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Senator wants White House to host screening of 'The Interview'

Sen. David Vitter, R-Louisiana, wants to watch "The Interview" at the White House. | AP Photo/Jonathan Bachman

Not only does Sen. Mark Kirk, R-Illinois, want to show “The Interview” at fundraisers, but Sen. David Vitter, R-Louisiana, wants to raise the bar by having the White House host a screening.

In a letter to President Barack Obama, Vitter said an event should be held at the White House to show the movie once the 114th Congress convenes next month, according to Roll Call.

Vitter said it would send a clear message.

“The policy of rewarding terrorists, authoritarianism, and cruelty with concessions should not be the legacy we pursue,” Vitter wrote. “Therefore, I ask that you host a screening of comedy film ‘The Interview’ for Members of Congress in the White House the week of January 5th, to be followed by a serious discussion of the strong, substantive retaliatory measures we plan to take as a nation against cyber attacks.”

Sony pulled the movie’s Dec. 25 theatrical release last week after the nation’s top theater chains announced they would cancel screenings amid anonymous threats in the wake of the Sony hacking case. The incident set off a firestorm after the FBI accused North Korea of being behind it.

Over the weekend, North Korea said U.S. “citadels” and “the whole U.S. mainland, the cesspool of terrorism,” will be attacked.

Monday afternoon, North Korea suffered major Internet outage in what is being described as its worst network failure in years; the White House declined to comment.

Here’s the full text of Vitter’s letter, via Roll Call:

President Obama:

Today, the Federal Bureau of Investigation acknowledged that North Korea was behind the November “hack” of Sony Pictures, which has led to serious business impacts.

The policy of rewarding terrorists, authoritarianism, and cruelty with concessions should not be the legacy we pursue. Therefore, I ask that you host a screening of comedy film “The Interview” for Members of Congress in the White House the week of January 5th, to be followed by a serious discussion of the strong, substantive retaliatory measures we plan to take as a nation against cyber attacks.

Given the success of having their demands met, North Korea and other rogue actors are likely to be emboldened. They will be encouraged to ramp up anti-US internet terrorism, which is viewed as a safer, affordable, and now effective method of making demands. A strong message needs to be delivered to reassure the American people and U.S. businesses that we will not bend to the will of bad actors, whether they are hackers, terrorist, state-sponsors of terrorism, or nation states.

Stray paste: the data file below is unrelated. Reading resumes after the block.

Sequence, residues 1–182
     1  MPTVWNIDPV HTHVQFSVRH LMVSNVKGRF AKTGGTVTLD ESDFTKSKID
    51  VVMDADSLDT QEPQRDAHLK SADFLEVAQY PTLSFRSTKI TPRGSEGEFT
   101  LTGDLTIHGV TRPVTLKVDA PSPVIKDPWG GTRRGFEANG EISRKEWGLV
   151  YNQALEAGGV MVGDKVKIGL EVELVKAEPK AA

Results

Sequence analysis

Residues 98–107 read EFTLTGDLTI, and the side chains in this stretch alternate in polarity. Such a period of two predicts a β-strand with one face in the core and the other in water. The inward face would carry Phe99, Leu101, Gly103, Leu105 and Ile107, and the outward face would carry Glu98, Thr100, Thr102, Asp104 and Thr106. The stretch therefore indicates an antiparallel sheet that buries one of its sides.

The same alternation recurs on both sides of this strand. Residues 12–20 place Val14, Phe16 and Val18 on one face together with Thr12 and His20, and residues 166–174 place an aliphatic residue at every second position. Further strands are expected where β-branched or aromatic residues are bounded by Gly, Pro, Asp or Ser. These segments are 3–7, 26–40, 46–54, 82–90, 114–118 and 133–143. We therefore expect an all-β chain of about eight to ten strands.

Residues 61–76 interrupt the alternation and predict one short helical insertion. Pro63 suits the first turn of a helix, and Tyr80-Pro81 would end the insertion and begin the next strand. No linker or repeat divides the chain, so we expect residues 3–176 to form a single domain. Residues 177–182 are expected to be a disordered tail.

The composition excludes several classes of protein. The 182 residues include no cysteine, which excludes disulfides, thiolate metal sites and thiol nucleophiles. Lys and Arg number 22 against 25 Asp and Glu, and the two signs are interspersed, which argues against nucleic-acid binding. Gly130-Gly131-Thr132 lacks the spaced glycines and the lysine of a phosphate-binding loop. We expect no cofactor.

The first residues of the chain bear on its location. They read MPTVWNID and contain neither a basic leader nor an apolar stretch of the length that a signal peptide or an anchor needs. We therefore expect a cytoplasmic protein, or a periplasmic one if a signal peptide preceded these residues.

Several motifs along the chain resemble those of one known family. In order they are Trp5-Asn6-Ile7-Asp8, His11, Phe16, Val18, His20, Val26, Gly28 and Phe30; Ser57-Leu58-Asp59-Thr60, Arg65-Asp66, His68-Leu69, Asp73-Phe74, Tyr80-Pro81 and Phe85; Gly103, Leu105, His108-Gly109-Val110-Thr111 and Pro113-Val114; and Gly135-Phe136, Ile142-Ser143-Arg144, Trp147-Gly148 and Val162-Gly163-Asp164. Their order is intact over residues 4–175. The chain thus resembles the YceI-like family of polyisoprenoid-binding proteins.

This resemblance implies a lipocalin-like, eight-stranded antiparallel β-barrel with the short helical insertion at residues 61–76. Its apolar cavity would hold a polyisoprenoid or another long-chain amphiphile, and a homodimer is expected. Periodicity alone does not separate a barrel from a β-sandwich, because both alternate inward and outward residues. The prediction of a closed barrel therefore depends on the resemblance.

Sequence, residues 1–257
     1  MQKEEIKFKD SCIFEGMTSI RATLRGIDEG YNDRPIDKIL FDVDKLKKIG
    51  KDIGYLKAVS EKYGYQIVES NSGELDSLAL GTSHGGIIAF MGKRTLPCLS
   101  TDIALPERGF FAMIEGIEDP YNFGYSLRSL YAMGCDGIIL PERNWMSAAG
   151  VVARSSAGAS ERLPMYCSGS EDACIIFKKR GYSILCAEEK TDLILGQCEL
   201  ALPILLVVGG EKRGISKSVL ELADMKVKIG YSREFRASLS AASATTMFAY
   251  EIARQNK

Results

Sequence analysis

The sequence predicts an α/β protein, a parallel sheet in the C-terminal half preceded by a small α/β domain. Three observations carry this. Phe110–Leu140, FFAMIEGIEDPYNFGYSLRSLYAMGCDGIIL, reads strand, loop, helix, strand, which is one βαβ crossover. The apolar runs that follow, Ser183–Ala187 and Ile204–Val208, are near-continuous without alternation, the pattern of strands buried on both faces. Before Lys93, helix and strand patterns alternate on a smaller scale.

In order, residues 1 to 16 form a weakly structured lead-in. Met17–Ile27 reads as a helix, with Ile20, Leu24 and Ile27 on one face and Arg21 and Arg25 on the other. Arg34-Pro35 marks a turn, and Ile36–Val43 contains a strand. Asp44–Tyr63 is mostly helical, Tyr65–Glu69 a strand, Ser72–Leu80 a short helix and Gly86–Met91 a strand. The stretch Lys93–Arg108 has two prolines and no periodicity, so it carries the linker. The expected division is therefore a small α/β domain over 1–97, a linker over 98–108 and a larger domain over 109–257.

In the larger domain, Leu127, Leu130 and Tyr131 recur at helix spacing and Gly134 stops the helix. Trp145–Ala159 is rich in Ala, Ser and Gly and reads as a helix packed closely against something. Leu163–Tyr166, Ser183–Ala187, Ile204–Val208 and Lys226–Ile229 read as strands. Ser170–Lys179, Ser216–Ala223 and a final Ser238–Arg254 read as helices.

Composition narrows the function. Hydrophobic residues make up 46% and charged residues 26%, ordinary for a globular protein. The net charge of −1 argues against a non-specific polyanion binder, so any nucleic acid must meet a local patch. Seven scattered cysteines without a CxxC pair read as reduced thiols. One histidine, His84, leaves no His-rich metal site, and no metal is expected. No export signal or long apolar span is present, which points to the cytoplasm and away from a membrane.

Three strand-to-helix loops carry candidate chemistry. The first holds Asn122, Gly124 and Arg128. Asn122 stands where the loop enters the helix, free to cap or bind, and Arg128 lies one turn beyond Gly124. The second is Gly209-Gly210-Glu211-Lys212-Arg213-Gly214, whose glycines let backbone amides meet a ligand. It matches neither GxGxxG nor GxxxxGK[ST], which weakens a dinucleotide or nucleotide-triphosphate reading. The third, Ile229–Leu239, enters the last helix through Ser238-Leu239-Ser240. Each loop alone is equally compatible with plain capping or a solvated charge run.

Such strong action is particularly needed because the United States is seeing the effects in this scenario of your Administration’s past weak policies, which have irreversible outcomes. Just two of the most obvious examples of the bad precedents set by your Administration are:

The transfer of five high-threat Taliban terrorists, the so-called “Taliban Dream Team,” out of Guantanamo in exchange for a U.S. soldier detained by the enemy in the Afghan theatre. In 2013, Senator Reid and your Administration restricted debate on the Defense Authorization bill, and the Senate was not able to incorporate previous year’s certification restrictions on the transfer of Guantanamo detainees. With the exclusion of those previous provisions of law, your Administration carried out a transfer previously deemed “high risk” and as a “senior Taliban official who served in multiple leadership roles” by your own intelligence estimates.

The freeing of the last of “Cuban Five”. This week your Administration announced a series of changes to Cuba policy, pursuant to a deal with dictator Raul Castro for the release American hostages. The policy changes were in addition to a prisoner exchange, freeing three Cuban spies who had been imprisoned in the United States. The release of these spies who are connected with the murder of U.S. citizens in the 1990’s, sets a new standard for the price your administration is willing to pay.

A strong message needs to be delivered to reassure the American people and U.S. businesses that we will not bend to the will of bad actors, whether they are hackers, terrorist, state-sponsors of terrorism, or nation states. The actions of the American government must step up to demonstrate that rogue actors across the world will not be rewarded for bad behavior.

Sincerely,

David Vitter

United States Senate